Why I wrote a fantasy story
I read and loved many fantasy novels in my teens and early twenties. My favorite authors were David Gemmell, David Eddings, Raymond E Fiest, Terry Brooks and of course, Tolkien. When I was seventeen (in 1988), I promised myself I would write a fantasy story one day. I had an urge to create a tale that would be gripping the way my favorite movies and books were. I wanted to give the reader a sense of excitement as they read a story I created.
My writer’s journey so far
It has been long and some respects it started in 1988 when I first invented a character – a young man with tumbling black hair falling to his shoulders, sitting on a rock and holding an enchanted sword of some kind. He had a grave look on his face, and I knew he had an immense challenge to overcome – one that his mentor never resolved. I even gave him a name: Corylus or “Cory” as he would be called – the Latin name for the Hazel tree because he would be a tough nut to crack. That’s all I knew. Lacking the life experience to create the kind of story I wanted to tell, and then being busy with starting a career in IT and getting married, it remained one of those things I would do “one day.”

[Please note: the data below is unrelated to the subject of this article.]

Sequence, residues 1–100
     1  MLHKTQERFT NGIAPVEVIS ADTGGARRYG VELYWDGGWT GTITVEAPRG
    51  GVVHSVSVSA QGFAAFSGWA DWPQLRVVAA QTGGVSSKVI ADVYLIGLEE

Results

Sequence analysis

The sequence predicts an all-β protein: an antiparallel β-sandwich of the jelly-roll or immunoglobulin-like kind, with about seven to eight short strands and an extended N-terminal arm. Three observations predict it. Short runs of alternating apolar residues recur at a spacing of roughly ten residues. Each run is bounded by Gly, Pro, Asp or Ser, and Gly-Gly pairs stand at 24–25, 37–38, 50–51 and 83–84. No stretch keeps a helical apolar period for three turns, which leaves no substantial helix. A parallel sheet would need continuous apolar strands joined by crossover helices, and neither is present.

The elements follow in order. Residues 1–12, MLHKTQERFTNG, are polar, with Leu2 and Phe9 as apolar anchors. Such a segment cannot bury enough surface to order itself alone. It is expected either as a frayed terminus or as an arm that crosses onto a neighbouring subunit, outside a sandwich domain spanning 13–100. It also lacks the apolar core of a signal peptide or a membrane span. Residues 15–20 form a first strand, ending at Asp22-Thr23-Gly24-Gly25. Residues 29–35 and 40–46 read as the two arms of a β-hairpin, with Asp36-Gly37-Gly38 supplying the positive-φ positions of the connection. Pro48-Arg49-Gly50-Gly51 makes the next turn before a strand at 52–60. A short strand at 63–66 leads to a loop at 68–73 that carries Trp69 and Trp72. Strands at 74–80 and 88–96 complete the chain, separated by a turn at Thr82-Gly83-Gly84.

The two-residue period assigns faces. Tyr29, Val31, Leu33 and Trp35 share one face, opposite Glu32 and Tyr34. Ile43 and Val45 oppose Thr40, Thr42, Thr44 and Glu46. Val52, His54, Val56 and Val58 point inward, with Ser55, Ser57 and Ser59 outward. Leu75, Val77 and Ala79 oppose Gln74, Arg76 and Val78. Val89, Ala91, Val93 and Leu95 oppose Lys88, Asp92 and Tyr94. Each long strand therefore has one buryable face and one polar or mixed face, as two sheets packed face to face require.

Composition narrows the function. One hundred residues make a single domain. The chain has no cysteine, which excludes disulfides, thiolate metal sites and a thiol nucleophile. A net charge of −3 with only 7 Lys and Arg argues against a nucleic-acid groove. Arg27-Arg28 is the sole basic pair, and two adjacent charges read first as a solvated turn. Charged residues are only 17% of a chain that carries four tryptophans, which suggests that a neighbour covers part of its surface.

In 2009 I had just finished reading Robin Hobbs’ Farseer Trilogy. It was brilliant, but slow paced and exhausting for me to read because I wanted to extract the story faster than the dense narrative would allow. I yearned for something faster paced – so hard to find in the fantasy genre. The following day, scrap printer paper and pen in hand, I began writing about Prince Cory while on the train to work. Cory had a famous grandfather – a general – who was also his mentor and the war he could not end was the challenge never resolved. I wrote about Cory at his grandfather’s funeral but soon gave up because I didn’t feel the quality of the writing measured up to published works. Sadly, I didn’t understand at the time that first drafts are always bad, and you need to take a leap of faith spending time (months or more) writing to develop your “author’s voice”.